With key wins notched in a few states, Trump didn’t declare victory prematurely on election night as social media companies feared — but he did baselessly raise the specter of voter fraud.
“We are up BIG, but they are trying to STEAL the Election,” Trump tweeted. “We will never let them do it. Votes cannot be cast after the Polls are closed!”
We are up BIG, but they are trying to STEAL the Election. We will never let them do it. Votes cannot be cast after the Polls are closed!
— Donald J. Trump (@realDonaldTrump) November 4, 2020
Twitter took action against the tweet quickly, placing it behind a warning and adding a misinformation label. The company explained its actions in a tweet, stating that the president’s message contained a “potentially misleading claim about an election.”
While Trump’s wording is left a bit ambiguous, the president again appears to be attacking the integrity of vote-by-mail ballots. With mail-in ballots expected to come in slowly in some states, lagging votes may play a big part in the election outcome. That scenario was expected and does not raise any concerns over the integrity of vote tallying.
Due to a huge spike in mail-in voting related to the pandemic, results were expected to be more ambiguous on election night in 2020 than in past years and so far that’s proven true. Social media companies began crafting new policies for the unusual circumstances of the 2020 election and its worrisome misinformation ecosystem in the months leading up to November.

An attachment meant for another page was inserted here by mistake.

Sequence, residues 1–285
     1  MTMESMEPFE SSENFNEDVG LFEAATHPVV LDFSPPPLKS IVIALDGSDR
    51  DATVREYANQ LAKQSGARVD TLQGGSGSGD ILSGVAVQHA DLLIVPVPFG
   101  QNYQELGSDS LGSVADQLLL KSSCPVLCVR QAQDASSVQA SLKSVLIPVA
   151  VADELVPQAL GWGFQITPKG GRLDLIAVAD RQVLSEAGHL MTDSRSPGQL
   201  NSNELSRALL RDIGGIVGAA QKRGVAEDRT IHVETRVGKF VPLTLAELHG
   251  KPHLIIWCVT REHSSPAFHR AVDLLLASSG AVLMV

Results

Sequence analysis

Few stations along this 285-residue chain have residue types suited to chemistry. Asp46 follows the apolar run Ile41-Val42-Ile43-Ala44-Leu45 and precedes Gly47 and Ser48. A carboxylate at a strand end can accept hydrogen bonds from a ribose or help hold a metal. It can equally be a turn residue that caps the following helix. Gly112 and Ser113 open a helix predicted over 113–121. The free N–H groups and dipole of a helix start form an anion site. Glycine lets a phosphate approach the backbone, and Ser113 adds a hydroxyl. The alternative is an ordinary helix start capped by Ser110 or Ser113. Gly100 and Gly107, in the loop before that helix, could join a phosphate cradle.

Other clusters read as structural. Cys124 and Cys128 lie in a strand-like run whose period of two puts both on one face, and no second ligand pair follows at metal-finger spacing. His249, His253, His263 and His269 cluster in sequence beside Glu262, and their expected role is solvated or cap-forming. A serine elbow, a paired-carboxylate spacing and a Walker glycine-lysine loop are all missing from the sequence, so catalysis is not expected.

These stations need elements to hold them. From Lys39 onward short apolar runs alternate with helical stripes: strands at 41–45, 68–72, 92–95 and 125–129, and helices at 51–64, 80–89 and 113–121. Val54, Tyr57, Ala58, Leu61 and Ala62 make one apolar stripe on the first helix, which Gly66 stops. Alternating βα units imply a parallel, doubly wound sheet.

Twitter also said in a September policy announcement that it would remove or label any tweets that incite unlawful activity and threaten a “peaceful transfer of power or orderly succession.” While tweets that Twitter restricts remain online, they’re placed behind a warning message that users must first click through in order to view their content. Restricted tweets also have their retweets, likes and comments disabled, reducing their reach.
On Facebook, where much of Trump’s Twitter content is reposted, his message earned a label reminding users that election night results and final results may differ but the post was not otherwise restricted. In an email, Facebook spokesperson Tom Reynolds said that Facebook labeled the post shortly after it went up “in accordance with the policies we shared ahead of Election Day.”
The company attached a similar label to another late night Trump post declaring “I will be making a statement tonight. A big WIN!” Facebook previously said it planned to label any posts claiming premature victory with an informational message pointing users to official election results.